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Post concussion syndrome, its on Wikipedia. Post-concussion syndrome, also known as post concussive syndrome or PCS, and historically called shell shock, is a set of symptoms that may continue for weeks, months, or occasionally a year or more after a concussion – a mild form of traumatic brain injury (TBI). Symptoms of PCS, which is the most common entity to be diagnosed in people who have suffered TBI, may occur in 38–80% of mild head injuries. A diagnosis may be made when symptoms resulting from concussion last for more than three months after the injury, or it may be made starting within a week or ten days of trauma. In late, persistent, or prolonged PCS (PPCS), symptoms last for over six months, or by other standards, three. The condition can cause a variety of symptoms: physical, such as headache; cognitive, such as difficulty concentrating; and emotional and behavioral, such as irritability. As many of the symptoms in PCS are common to, or exacerbated by, other disorders, there is a risk of misdiagnosis. Though there is no treatment for PCS itself, symptoms can be treated; medications and physical and behavioral therapy may be used, and patients can be educated about symptoms and their usual prognosis. The majority of PCS cases disappear after a period of time. It is not known what causes PCS symptoms to occur and persist, or why some people who suffer a mild traumatic brain injury (MTBI) develop PCS while others do not. The nature of the syndrome and the diagnosis itself have been the subject of intense debate since the 19th century. However, certain risk factors have been identified; for example, preexisting medical or psychological conditions, expectations of disability, and older age all increase the chances that someone will suffer PPCS. Physiological and psychological factors present before, during, and after the injury are all thought to be involved in the development of PCS.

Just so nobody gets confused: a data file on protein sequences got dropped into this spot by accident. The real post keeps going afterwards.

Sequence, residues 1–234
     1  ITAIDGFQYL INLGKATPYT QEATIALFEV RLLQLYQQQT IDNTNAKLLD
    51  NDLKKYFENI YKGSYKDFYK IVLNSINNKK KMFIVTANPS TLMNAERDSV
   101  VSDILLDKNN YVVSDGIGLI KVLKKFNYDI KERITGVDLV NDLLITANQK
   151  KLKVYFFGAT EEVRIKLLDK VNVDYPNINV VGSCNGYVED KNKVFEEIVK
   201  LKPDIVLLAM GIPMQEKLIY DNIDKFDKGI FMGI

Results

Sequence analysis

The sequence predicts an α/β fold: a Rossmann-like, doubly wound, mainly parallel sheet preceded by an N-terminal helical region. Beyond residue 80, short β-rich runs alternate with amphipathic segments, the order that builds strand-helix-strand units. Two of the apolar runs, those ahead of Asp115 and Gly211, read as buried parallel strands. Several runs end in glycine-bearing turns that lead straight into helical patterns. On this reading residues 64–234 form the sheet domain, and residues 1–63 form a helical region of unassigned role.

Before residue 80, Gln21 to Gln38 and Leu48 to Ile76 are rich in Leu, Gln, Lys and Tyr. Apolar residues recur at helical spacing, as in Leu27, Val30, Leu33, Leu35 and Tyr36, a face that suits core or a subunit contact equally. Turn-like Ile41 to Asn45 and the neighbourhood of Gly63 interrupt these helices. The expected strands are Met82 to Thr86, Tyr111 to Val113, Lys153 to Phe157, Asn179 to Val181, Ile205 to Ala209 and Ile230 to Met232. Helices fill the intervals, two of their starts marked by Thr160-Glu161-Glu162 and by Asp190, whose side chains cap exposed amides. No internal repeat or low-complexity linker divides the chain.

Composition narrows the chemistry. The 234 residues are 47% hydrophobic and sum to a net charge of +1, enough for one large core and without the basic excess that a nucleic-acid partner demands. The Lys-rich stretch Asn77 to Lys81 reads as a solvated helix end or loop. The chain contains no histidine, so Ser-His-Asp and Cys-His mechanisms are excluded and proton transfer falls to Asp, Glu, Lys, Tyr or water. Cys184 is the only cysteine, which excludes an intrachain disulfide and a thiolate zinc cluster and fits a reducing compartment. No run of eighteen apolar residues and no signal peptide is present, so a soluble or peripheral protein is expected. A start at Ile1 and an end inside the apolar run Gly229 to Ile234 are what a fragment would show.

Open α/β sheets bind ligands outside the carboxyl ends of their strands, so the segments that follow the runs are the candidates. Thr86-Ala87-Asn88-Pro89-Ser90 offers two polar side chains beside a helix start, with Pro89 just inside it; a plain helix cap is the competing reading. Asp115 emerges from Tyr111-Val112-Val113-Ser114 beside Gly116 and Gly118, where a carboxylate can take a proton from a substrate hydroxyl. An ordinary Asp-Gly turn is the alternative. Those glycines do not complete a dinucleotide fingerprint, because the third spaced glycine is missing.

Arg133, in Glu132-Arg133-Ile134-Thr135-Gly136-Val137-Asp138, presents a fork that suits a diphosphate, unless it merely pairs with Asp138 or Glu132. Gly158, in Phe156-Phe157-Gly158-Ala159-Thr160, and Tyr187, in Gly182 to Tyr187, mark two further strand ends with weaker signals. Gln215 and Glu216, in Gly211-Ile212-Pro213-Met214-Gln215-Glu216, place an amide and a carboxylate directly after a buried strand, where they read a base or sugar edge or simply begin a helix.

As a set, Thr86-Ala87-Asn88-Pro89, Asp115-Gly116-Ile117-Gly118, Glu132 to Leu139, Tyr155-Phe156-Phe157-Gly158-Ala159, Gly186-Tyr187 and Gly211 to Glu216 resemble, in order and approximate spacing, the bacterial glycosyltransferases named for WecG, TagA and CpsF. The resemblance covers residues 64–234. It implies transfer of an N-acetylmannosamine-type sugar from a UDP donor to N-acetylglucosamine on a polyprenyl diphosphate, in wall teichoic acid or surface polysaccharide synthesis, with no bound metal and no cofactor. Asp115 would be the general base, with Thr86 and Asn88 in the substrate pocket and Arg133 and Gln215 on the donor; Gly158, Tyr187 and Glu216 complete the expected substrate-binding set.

Ah.. thank you.